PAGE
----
On April 17, 2015, the National Association of Insurance Commissioners (NAIC) announced its Principles for Effective Cyber Security due, in part, to recent cyber breaches by insurers.

The insurance industry looks to state insurance regulators to aid in the identification of uniform standards, to promote accountability across the entire insurance sector, and to provide access to essential information. State insurance regulators look to the insurance industry to join forces in identifying risks and offering practical solutions. The guiding principles stated below are intended to establish insurance regulatory guidance that promotes these relationships and protects consumers.

Principle 1
State insurance regulators have a responsibility to ensure that personally identifiable consumer information held by insurers, producers and other regulated entities is protected from cybersecurity risks. Additionally, state insurance regulators should mandate that these entities have systems in place to alert consumers in a timely manner in the event of a cybersecurity breach. State insurance regulators should collaborate with insurers, insurance producers and the federal government to achieve a consistent, coordinated approach.

Principle 2
Confidential and/or personally identifiable consumer information data that is collected, stored and transferred inside or outside of an insurer’s, insurance producer’s or other regulated entity’s network should be appropriately safeguarded.

Principle 3
State insurance regulators have a responsibility to protect information that is collected, stored and transferred inside or outside of an insurance department or at the NAIC. This information includes insurers’ or insurance producers’ confidential information, as well as personally identifiable consumer information. In the event of a breach, those affected should be alerted in a timely manner.

Principle 4
Cybersecurity regulatory guidance for insurers and insurance producers must be flexible, scalable, practical and consistent with nationally recognized efforts such as those embodied in the National Institute of Standards and Technology (NIST) framework.

Principle 5
Regulatory guidance must be risk-based and must consider the resources of the insurer or insurance producer, with the caveat that a minimum set of cybersecurity standards must be in place for all insurers and insurance producers that are physically connected to the Internet and/or other public data networks, regardless of size and scope of operations.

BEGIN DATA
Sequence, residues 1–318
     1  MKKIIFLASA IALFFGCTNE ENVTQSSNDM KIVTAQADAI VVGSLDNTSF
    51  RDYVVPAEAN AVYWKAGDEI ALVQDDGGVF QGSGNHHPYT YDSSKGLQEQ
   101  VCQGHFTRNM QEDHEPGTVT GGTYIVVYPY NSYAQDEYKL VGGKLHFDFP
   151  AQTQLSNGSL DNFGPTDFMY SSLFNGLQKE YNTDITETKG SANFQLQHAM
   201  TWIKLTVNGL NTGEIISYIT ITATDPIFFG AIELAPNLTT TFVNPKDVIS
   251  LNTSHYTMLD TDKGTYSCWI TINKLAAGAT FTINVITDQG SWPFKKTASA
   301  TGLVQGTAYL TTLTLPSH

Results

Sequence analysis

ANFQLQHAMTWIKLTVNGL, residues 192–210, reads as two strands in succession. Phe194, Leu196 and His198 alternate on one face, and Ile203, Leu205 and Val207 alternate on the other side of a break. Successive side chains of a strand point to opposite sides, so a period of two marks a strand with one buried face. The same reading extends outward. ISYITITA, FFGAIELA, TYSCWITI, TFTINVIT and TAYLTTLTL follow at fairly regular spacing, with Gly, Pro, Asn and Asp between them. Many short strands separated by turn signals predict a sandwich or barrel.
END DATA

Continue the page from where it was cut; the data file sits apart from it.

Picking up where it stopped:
Principle 6
State insurance regulators should provide appropriate regulatory oversight, which includes, but is not limited to, conducting risk-based financial examinations and/or market conduct examinations regarding cybersecurity.

Principle 7
Planning for incident response by insurers, insurance producers, other regulated entities and state insurance regulators is an essential component to an effective cybersecurity program.

Principle 8
Insurers, insurance producers, other regulated entities and state insurance regulators should take appropriate steps to ensure that third parties and service providers have controls in place to protect personally identifiable information.

Principle 9
Cybersecurity risks should be incorporated and addressed as part of an insurer’s or an insurance producer’s enterprise risk management (ERM) process. Cybersecurity transcends the information technology department and must include all facets of an organization.

Principle 10
Information technology internal audit findings that present a material risk to an insurer should be reviewed with the insurer’s board of directors or appropriate committee thereof.

Principle 11
It is essential for insurers and insurance producers to use an information-sharing and analysis organization (ISAO) to share information and stay informed regarding emerging threats or vulnerabilities, as well as physical threat intelligence analysis and sharing.

Principle 12
Periodic and timely training, paired with an assessment, for employees of insurers and insurance producers, as well as other regulated entities and other third parties, regarding cybersecurity issues is essential.
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